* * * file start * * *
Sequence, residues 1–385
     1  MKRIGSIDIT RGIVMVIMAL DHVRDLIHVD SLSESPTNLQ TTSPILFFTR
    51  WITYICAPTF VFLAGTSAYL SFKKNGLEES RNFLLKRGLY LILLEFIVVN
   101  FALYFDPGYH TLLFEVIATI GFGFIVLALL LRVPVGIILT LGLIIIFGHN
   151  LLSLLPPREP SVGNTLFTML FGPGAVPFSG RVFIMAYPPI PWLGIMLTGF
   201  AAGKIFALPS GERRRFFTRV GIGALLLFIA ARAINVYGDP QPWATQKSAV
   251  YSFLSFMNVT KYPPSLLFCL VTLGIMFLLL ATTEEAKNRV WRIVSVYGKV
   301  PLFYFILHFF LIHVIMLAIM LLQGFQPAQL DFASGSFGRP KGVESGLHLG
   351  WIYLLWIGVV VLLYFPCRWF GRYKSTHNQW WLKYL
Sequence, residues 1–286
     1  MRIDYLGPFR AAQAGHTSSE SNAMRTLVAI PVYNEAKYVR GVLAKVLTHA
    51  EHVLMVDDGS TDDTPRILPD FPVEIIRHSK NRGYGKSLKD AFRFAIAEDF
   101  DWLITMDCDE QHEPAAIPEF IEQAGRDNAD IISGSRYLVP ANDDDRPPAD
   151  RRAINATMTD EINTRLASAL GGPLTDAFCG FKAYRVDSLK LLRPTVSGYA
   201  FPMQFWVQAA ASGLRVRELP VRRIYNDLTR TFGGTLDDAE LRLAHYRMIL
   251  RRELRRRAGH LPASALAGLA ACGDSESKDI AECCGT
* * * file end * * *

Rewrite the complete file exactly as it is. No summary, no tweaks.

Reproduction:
Sequence, residues 1–385
     1  MKRIGSIDIT RGIVMVIMAL DHVRDLIHVD SLSESPTNLQ TTSPILFFTR
    51  WITYICAPTF VFLAGTSAYL SFKKNGLEES RNFLLKRGLY LILLEFIVVN
   101  FALYFDPGYH TLLFEVIATI GFGFIVLALL LRVPVGIILT LGLIIIFGHN
   151  LLSLLPPREP SVGNTLFTML FGPGAVPFSG RVFIMAYPPI PWLGIMLTGF
   201  AAGKIFALPS GERRRFFTRV GIGALLLFIA ARAINVYGDP QPWATQKSAV
   251  YSFLSFMNVT KYPPSLLFCL VTLGIMFLLL ATTEEAKNRV WRIVSVYGKV
   301  PLFYFILHFF LIHVIMLAIM LLQGFQPAQL DFASGSFGRP KGVESGLHLG
   351  WIYLLWIGVV VLLYFPCRWF GRYKSTHNQW WLKYL
Sequence, residues 1–286
     1  MRIDYLGPFR AAQAGHTSSE SNAMRTLVAI PVYNEAKYVR GVLAKVLTHA
    51  EHVLMVDDGS TDDTPRILPD FPVEIIRHSK NRGYGKSLKD AFRFAIAEDF
   101  DWLITMDCDE QHEPAAIPEF IEQAGRDNAD IISGSRYLVP ANDDDRPPAD
   151  RRAINATMTD EINTRLASAL GGPLTDAFCG FKAYRVDSLK LLRPTVSGYA
   201  FPMQFWVQAA ASGLRVRELP VRRIYNDLTR TFGGTLDDAE LRLAHYRMIL
   251  RRELRRRAGH LPASALAGLA ACGDSESKDI AECCGT